Vasant Panchami marks the arrival of spring in India. A day dedicated to Goddess Saraswati, is also known as Shri Panchami or Saraswati Panchami. On this occasion, Goddess Saraswati is worshipped for knowledge, music, and arts. Saraswati Puja is an important Hindu festival that marks the culmination of winter and the arrival of spring. People across the country gear up to welcome a new season and also the festival of Holi which is celebrated approximately 40 days later. People wear bright clothes, mainly hues of yellow and orange, and participate in festivities that include music and other cultural programmes.
According to popular belief, Goddess Saraswati was born on this day. Another belief states that she had blessed the legendary poet Kalidasa with culture and a lot of intelligence, thereby prompting other devotees to revere her, so she would bestow gifts of knowledge and wisdom upon them, too.
Distribution of Prasadam or holy food offerings made to god is an integral part of any worship in the Indian Society. Different regions in India make prasad as per their geographical significance and socio-cultural aspects and agrarian culture as well. Especially in the North India, it remains all about food which is sattvic (pious) in nature and as a choice white in colour or else is made up with white things like sugar, rice, cottage cheese or fruits which are astrologically and seasonal related to the festival.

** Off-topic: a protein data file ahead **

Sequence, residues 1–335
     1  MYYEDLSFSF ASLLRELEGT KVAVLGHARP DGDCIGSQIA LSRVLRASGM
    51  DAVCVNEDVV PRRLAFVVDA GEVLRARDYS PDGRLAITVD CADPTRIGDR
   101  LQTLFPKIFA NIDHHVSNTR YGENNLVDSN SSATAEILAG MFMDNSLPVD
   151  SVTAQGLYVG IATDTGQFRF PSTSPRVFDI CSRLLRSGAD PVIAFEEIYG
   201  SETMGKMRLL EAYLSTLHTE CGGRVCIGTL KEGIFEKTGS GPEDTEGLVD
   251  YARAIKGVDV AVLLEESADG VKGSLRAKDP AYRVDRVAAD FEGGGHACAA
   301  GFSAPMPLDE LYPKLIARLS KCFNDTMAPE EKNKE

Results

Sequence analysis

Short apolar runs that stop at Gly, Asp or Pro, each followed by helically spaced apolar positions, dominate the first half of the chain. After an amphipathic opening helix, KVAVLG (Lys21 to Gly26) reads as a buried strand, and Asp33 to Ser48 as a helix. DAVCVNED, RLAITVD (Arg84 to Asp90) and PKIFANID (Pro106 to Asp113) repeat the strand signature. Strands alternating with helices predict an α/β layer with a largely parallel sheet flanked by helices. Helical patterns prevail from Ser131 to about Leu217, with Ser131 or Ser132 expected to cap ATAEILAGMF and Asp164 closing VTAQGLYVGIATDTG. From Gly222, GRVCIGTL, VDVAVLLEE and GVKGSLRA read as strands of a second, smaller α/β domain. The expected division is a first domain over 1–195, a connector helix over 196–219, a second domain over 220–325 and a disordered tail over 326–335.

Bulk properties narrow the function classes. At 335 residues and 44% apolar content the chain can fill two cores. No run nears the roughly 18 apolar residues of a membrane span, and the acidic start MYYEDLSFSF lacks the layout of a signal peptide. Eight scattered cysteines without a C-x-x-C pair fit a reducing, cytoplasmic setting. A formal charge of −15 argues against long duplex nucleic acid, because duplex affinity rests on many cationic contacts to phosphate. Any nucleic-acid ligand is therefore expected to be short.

In Bengal there is an offering of khichuri and pulao along with 5 types of fries or fritters and chutney/ papad and payesh. Saraswati Puja or Basant Panchami is seen to be incomplete without dodhikorma, which is made out of the offerings to the Goddess Saraswati the next morning. Its a sweet curd mixed with chura, batasha and mashed sandesh, murki and all good things. It’s done on the next day after the Saraswati puja.
People in Delhi donate panchamrit made with yoghurt and honey, kesari sheera - a rich semolina sweet flavoured with saffron and generously garnished with almonds and cashew nuts or kesari rajbhog.
People in Bihar similarly celebrate this festival just like Durga Puja. A lot of pandals are set up and Boondi, Thekua and Jujube (ber) are distributed as prasad widely in most parts.
In most part of Gujrat pepple offer sweet yellow rice to the Goddess.